With nearly 814 million people set to vote over the next few weeks in India’s general elections, the biggest democratic exercise on the planet, political parties are scrambling to out-innovate each other. Amid all this, some technology startups are finding a killer app for their products, especially given the massive outreach programs required by political leaders for wooing their supporters, connecting with people across remote towns and villages.
India’s top political parties — the Indian National Congress and the Bharatiya Janata Party — are tapping into social media platforms such as Facebook and Twitter on one hand, and also partnering with disruptive, homegrown startups for solving “the last mile” problem of connecting with millions of people.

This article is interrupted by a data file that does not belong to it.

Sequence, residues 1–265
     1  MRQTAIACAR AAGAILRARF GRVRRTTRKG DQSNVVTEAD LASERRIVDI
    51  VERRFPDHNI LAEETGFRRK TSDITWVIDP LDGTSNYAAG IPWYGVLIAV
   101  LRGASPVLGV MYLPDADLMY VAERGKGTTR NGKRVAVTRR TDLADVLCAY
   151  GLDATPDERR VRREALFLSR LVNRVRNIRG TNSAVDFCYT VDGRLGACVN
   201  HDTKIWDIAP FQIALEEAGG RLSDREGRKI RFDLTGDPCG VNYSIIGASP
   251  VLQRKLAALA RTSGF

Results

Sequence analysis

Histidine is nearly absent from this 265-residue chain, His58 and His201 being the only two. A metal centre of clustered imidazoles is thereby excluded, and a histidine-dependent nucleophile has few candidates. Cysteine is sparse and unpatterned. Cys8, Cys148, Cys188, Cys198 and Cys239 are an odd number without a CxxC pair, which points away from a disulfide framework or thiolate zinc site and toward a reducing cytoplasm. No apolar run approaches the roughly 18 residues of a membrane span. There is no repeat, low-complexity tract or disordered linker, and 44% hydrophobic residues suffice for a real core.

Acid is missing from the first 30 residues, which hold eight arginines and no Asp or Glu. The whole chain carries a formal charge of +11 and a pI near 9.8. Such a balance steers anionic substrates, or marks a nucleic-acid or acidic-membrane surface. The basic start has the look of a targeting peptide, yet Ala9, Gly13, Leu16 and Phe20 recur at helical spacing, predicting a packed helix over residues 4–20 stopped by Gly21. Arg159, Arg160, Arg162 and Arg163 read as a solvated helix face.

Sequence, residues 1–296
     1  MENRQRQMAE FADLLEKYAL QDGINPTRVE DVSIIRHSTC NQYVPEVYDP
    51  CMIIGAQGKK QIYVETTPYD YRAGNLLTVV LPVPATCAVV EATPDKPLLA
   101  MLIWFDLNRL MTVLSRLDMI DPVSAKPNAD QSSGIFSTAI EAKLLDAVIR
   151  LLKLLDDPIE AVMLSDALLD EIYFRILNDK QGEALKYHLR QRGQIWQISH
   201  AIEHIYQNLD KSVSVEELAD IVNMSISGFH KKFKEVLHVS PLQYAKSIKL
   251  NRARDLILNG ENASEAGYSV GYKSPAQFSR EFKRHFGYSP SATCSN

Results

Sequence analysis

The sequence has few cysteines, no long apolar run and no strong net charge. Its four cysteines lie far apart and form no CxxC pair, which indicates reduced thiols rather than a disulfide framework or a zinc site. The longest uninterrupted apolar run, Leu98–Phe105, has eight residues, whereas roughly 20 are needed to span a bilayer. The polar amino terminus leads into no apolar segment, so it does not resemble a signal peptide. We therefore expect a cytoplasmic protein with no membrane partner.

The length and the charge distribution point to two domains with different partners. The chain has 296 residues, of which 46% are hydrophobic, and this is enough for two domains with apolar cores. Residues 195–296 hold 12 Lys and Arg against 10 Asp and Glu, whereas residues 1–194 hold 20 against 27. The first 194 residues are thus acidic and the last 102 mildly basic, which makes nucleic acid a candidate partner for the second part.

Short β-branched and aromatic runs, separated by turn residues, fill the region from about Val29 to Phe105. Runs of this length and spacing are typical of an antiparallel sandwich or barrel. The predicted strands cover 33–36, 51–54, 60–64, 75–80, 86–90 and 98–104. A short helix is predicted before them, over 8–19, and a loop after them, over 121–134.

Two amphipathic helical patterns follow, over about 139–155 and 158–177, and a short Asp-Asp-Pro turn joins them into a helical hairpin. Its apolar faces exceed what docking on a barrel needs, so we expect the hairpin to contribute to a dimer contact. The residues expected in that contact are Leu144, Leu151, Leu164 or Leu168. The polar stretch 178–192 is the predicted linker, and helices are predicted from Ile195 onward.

One of the startups riding this wave is Voxta, a speech recognition startup that’s being dubbed as “the political Siri”. Earlier this month, the BJP started offering Voxta as-a-service to millions of its followers and potential voters, who need to dial a number (022-4501-4501) to listen to the party’s prime ministerial candidate Narendra Modi’s live speeches, pre-recorded messages on specific issues etc. The service is expected to receive over 3 million calls within a month.
The founders — Sirish Reddi and Kavita Reddi — moved from London to the Indian city of Hyderabad in 2009 to set up Voxta. The idea, according to them, “was to use Indian language speech recognition to deliver information and access to the unconnected billion or so people and give them opportunities to drive economic growth.”
According to the founders, while Siri and Google Voice Search have been used to search for pizza or beauty parlours, using Hindi speech recognition to search for policy and candidates’ views is unique, and a first.
“Speech recognition is a very challenging area, still not a solved problem. The dialogue manager we offer is quite similar to Siri,” said Sirish, a veteran management consultant who founded three startups over two decades.
The product currently offers communication in four Indian languages.